Building Name (Common)Squires-Scranton Barn
Building Name (Historic)Squires-Scranton Barn
Address322 Main Street (Rte 17)
This is a 2 ½ -story eave-entry barn with two shed-roof additions encompassing the entire length of its west and the east gable-ends. The north eave-side of the barn faces Talcott Lane while shed-roof addition on the east gable-end continues towards the south to form a L-shaped complex with the main barn. The ridge line of the main barn runs east-west parallel to Talcott Lane but perpendicular to Main Street. The main façade of the barn appears to be the north eave-façade with the main entrance at the center through a pair of double-height exterior-hung sliding wagon doors. The west gable-end of the barn has a nine-pane stable window centered in the gable attic with the shed-roof addition below continuing towards the south. The west eave-side of the shed-roof addition has five similar nine-pane stable windows and a margin of exposed coursed field-stone masonry foundation along the grade level. The south side-wall of the shed-roof addition has board-and-batten siding punctuated by two six-pane stable windows with trim at the sill-level. The south eave-side of the main barn has an entrance at the center with transom windows. A hinged pass-through door can be seen immediately towards the east of this entrance. An exterior-hung sliding wagon door entrance can be seen towards the eastern edge, separated from the pass-through door by a six-pane stable window with trim. The south eave-side of the barn has two window openings at the second floor level. The gable roof of the main barn has an arched louvered cupola with brackets and a horse weather vane at the center.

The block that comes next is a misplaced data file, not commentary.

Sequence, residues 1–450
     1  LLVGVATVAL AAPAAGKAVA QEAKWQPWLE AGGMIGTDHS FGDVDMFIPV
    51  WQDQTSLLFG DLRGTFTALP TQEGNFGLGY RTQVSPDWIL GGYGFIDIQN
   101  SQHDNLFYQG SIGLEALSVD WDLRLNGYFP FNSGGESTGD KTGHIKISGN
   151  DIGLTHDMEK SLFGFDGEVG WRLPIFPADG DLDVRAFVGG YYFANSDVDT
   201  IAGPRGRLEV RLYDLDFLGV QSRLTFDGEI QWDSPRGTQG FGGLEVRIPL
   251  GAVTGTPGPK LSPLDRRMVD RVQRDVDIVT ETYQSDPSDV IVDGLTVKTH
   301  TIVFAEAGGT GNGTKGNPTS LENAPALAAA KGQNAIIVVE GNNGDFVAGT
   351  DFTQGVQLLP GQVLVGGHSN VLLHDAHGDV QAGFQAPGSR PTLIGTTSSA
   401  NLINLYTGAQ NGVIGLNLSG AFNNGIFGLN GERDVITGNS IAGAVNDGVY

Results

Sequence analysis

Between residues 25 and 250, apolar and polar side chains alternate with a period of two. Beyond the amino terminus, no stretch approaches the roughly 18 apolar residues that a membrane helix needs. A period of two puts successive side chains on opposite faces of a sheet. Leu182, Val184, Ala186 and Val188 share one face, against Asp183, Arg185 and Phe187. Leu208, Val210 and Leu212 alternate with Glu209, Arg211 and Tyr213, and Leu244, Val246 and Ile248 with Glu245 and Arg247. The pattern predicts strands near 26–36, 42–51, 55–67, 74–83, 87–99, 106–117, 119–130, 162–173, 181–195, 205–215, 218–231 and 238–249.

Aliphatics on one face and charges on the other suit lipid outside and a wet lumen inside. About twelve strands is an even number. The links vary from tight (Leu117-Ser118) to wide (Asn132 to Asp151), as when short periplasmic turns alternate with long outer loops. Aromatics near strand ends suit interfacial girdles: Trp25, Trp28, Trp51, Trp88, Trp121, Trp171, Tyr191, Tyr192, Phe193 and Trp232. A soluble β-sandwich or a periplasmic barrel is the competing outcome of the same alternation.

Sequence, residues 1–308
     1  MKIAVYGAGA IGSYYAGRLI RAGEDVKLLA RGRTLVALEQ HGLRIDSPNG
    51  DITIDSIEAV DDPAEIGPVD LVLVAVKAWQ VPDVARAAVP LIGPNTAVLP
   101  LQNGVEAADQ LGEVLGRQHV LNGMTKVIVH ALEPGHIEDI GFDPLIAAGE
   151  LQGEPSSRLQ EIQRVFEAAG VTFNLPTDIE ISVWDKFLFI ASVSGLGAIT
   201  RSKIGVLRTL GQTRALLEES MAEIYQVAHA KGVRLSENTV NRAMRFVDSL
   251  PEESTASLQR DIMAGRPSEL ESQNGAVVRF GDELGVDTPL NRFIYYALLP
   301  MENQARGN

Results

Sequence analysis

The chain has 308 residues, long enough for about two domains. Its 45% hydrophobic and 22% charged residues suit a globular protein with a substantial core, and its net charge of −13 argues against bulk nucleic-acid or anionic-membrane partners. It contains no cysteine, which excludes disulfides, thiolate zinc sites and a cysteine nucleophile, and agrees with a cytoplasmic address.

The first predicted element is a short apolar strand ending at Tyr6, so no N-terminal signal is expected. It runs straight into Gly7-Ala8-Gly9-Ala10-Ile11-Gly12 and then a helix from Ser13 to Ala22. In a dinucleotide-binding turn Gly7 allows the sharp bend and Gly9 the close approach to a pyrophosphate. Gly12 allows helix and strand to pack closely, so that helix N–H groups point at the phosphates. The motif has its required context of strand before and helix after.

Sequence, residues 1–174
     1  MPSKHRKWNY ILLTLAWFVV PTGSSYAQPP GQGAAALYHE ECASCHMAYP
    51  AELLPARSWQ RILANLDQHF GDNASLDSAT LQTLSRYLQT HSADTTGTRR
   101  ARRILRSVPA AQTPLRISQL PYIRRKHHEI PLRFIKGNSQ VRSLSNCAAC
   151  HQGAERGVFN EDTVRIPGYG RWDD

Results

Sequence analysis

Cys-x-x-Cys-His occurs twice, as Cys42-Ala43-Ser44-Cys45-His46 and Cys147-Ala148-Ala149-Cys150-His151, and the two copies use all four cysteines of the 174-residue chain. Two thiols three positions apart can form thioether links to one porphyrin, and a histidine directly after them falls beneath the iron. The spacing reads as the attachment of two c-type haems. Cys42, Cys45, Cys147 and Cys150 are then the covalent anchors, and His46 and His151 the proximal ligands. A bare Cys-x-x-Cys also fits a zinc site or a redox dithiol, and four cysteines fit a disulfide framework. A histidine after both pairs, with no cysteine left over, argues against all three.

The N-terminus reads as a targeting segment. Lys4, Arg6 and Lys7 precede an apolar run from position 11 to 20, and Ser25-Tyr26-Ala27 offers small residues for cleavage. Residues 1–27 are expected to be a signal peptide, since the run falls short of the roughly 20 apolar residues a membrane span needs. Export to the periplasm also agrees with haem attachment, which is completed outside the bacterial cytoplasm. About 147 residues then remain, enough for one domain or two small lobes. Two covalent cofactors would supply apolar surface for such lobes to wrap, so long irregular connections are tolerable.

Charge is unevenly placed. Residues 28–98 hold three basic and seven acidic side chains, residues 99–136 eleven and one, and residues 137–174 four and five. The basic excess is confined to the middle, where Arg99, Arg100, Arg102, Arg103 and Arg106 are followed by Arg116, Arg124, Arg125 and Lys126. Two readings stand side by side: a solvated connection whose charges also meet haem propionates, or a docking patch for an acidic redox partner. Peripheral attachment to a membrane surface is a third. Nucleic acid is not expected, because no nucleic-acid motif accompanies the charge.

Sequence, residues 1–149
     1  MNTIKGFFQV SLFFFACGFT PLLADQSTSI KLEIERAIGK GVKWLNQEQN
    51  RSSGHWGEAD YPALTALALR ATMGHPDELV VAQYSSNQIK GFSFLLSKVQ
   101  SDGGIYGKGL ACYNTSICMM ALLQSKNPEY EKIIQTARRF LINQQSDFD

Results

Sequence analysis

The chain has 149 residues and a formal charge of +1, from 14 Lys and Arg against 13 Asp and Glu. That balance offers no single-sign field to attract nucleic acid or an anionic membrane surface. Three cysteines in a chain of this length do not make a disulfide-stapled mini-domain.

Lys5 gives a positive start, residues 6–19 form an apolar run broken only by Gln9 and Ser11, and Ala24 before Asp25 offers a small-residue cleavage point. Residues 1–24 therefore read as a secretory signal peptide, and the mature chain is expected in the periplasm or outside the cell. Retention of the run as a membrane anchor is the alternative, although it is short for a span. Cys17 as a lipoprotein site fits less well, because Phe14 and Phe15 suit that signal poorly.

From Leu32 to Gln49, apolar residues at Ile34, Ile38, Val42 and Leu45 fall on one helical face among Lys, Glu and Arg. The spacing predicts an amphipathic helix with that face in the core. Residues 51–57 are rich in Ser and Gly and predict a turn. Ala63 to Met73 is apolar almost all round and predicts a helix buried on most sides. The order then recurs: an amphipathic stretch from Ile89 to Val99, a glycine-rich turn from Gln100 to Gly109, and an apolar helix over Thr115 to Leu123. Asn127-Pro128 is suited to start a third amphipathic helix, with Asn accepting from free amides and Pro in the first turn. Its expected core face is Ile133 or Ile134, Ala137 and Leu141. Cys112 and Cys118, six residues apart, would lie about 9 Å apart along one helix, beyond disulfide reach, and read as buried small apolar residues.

The wooden frame of the barn complex is supported on coursed field-stone masonry foundation. The barn complex has asphalt shingle roofing and light yellow painted vertical siding apart from the south side-wall of the shed-roof addition on the west gable-end of the main barn which has board-and-batten siding.
The oldest barns still found in the state are called the "English Barn,” “side-entry barn,” “eave entry,” or a 30 x 40. They are simple buildings with rectangular plan, pitched gable roof, and a door or doors located on one or both of the eave sides of the building based on the grain warehouses of the English colonists' homeland. The name “30 by 40” originates from its size (in feet), which was large enough for 1 family and could service about 100 acres. The multi-purpose use of the English barn is reflected by the building's construction in three distinct bays - one for each use. The middle bay was used for threshing, which is separating the seed from the stalk in wheat and oat by beating the stalks with a flail. The flanking bays would be for animals and hay storage.
Geographical constraints, as well as advantages, and a particularly heterogeneous settlement population drawn from all over the Connecticut Colony, were some of the factors that shaped the course of Durham’s history, transforming the town from a self-sufficient farming village into a relatively cosmopolitan center of commercial agriculture and small-scale, agrarian-based industry.
Prior to settlement the Town of Durham was known as the Coginchaug, or Great Swamp. Most of the land in the town had been granted to individuals for distinguished service to the colony in military or civic affairs in the seventeenth century. All of these men were absentee owners; none were anxious to occupy what was then one of the least desirable areas for settlement in the colony. Swamp and marshland occupied most of the central part of the area, surrounded by rolling hills overlaying rocky ledges. Less than one third of the mere 15,000 acres was suitable for cultivation.
The property is listed in the Historic District inventory as the Squires-Scranton House. In 1920 the property was owned by John Southmayd.
The main residence, Squire Scranton House, is a contributing building to the Main Street Historic District of Durham (139, Main Street). http://pdfhost.focus.nps.gov/docs/NRHP/Text/86002837.pdf http://pdfhost.focus.nps.gov/docs/NRHP/Photos/86002837.pdf
Additional text by Rachel Parris